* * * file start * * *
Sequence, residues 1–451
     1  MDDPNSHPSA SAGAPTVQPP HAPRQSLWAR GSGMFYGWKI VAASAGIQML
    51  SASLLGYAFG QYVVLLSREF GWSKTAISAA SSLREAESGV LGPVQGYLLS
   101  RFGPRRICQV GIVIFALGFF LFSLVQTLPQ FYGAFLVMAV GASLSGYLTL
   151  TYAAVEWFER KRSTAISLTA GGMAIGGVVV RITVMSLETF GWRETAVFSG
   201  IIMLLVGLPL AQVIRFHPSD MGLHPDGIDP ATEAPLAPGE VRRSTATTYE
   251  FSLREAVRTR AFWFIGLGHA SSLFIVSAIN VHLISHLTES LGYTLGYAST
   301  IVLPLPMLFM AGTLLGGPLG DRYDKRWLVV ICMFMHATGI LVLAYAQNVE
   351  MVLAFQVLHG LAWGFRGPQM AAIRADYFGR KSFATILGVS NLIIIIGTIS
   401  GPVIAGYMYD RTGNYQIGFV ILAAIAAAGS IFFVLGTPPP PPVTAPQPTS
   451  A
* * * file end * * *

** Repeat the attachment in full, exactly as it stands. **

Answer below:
Sequence, residues 1–451
     1  MDDPNSHPSA SAGAPTVQPP HAPRQSLWAR GSGMFYGWKI VAASAGIQML
    51  SASLLGYAFG QYVVLLSREF GWSKTAISAA SSLREAESGV LGPVQGYLLS
   101  RFGPRRICQV GIVIFALGFF LFSLVQTLPQ FYGAFLVMAV GASLSGYLTL
   151  TYAAVEWFER KRSTAISLTA GGMAIGGVVV RITVMSLETF GWRETAVFSG
   201  IIMLLVGLPL AQVIRFHPSD MGLHPDGIDP ATEAPLAPGE VRRSTATTYE
   251  FSLREAVRTR AFWFIGLGHA SSLFIVSAIN VHLISHLTES LGYTLGYAST
   301  IVLPLPMLFM AGTLLGGPLG DRYDKRWLVV ICMFMHATGI LVLAYAQNVE
   351  MVLAFQVLHG LAWGFRGPQM AAIRADYFGR KSFATILGVS NLIIIIGTIS
   401  GPVIAGYMYD RTGNYQIGFV ILAAIAAAGS IFFVLGTPPP PPVTAPQPTS
   451  A